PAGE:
Which Cars Will Hollywood Be Driving in 2017?
With auto sales hitting an all-time high of 18.4 million cars sold for 2016, the market for high-end vehicles is ever-expanding.
If you walk the floor of the Jacob Javits Center during the New York International Auto Show, which runs from April 14 to 23, it seems that what Netflix and Amazon have done to hyper-niche prestige programming, automotive brands are doing to the luxury market. Why drive a $130,000 SUV when you can drive a $130,000 SUV coupe?
Hyper-niche case in point: Dodge's limited-edition Demon is an 840-horsepower sedan that comes with only one seat — just the front driver's seat — though you can buy passenger seats for a buck each. And it was engineered to do wheelies. Why? Tim Kuniskis, head of passenger cars FCA North America, who spent two years dreaming up the Demon says: “Well, it’s never been done on a mainstream car.” Only 3000 will be produced for the U.S.; if you want to live out any Fate of the Furious dreams, the long waiting list starts now.
Three takeaways from the show on what you'll see clogging the valet lines from Malibu to the NYC's Meatpacking District in 2017:
1. The hot new Hollywood car is ... a station wagon!
“It’s something we don’t need, it’s the want factor,” says Frank Weisman, product experience manager, sports cars, of the new Porsche Panamera Sport Turismo, which made its U.S. debut at the show ahead of its sales date this fall. “It’s something unique.” The Panamera Sport Turismo, with its station wagon-esque lines, is the perfect executive #dadcar, especially if you choose the super-luxe and extremely fast Panamera Turbo Sport Turismo version, which hits 0-to-60 mph in 3.4 seconds, thanks to the 4.0 liter, twin-turbocharged V8 with 550 hp under the hood. That much wagon comes with a price — specifically, what it would cost to send your child to Bel Air-based day school John Thomas Dye: a cool $154,000, plus custom options at a steep fee.
Mercedes had its U.S. premiere of the ultra-luxe Mercedes-AMG E63 S Wagon, which sports the same 0-to-60 time thanks to the 603 horsepower, 4.0L V8 biturbo engine. The engine is a rare feat, with a signed nameplate of the builder on each one, according to AMG's motto of “One Man, One Engine.” Nick Martin, AMG product manager says: “This is for a very specific buyer who wants serious performance but wants to drive a unicorn-type car. It’s going to be rare. We like to think it’s a car made for an entrepreneur that has a few kids.”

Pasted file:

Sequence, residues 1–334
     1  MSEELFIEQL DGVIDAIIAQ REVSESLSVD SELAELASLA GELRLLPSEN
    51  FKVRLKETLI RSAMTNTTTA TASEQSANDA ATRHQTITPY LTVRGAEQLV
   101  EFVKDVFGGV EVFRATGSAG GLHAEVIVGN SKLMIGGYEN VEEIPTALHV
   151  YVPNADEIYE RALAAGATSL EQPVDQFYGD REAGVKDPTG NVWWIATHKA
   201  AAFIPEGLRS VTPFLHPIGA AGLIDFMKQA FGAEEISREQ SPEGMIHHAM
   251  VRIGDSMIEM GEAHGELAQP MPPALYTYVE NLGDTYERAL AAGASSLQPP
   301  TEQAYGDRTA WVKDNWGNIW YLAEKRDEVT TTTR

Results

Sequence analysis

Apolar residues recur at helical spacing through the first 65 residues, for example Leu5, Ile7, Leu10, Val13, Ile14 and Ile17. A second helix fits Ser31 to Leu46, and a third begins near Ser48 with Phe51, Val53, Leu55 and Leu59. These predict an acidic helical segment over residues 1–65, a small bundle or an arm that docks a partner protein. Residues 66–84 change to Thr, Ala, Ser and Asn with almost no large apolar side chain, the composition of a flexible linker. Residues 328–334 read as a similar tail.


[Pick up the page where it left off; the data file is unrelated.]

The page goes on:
2. SUVs still dominate on both coasts.
Range Rover unveiled at Lincoln Center its sleek new 2018 Range Rover Velar, which slots in between the Evoque and Range Rover Sport models. The Velar, which was the code name of Range Rover prototypes in the late 1960s, goes on sale later this year with a starting price of $89,300 for the First Edition, a smaller, more futuristic take on the brand. Gerry McGovern, chief design officer at Land Rover, says: “The Velar is a cultural shift for a new type of customer, who is moved by modernity in design.”
Ellie Goulding, who performed at the unveil, took the Velar around Central Park before the event and says it's perfect for a musician: “There is something about the Velar that’s calming and because the sound system is so brilliant, it would be a great place to listen to my new music after a recording session. Maybe it’s because I grew up listening to so much music in the car, it’s how I imagine people hear my music.”
Mercedes-Benz had a world premiere of its new Mercedes-AMG GLC63 and GLC63 Coupe models. With SUVs a best seller in the Tri-State area due to the inclement weather and bad roads, the “heavy metal cars, like the GLS and the G-Wagen, do extremely well here in New York. With the AMG models, we sell everyone we get, usually before they hit the showroom floor,” says Tom Shandley, general manager of Mercedes-Benz of Manhattan.
3. Car companies are spending billions to bring the next Prius to market.
Gone are the days when the Toyota Prius was the only game in green. BMW showed an entire range of Performance plug-in electric vehicles, including the $90,700 BMW 740e xDrive iPerformance and $63,200 BMW X5 xDrive40e iPerformance models.
Honda showed its full range of Clarity models, including a hydrogen fuel cell, all-electric and plug-in hybrid versions; Cadillac had its new CT-6 plug-in; and Kia, which launched its four-door Niro Hybrid with a Melissa McCarthy spot during the Super Bowl, showed its new Niro plug-in electric. The Niro, which would appeal to the millennial crowd working in Silicon Beach and Culver City, is an attractive and sporty alternative to the Prius.
These alternative-powered cars come at a cost. “We’re spending 10.2 billion dollars between 2015 and 2020 on batteries, electric motors and fuel cells," says Steve Kosowski, manager, long range strategy and planning at Kia. "Our expectation is that you will see a tsunami of plug-in electric hitting the market.” Still, the Prius and the Prius Prime plug-in, both relaunched in 2017, set a high benchmark and there is a reason why you see so many around town in Los Angeles and New York.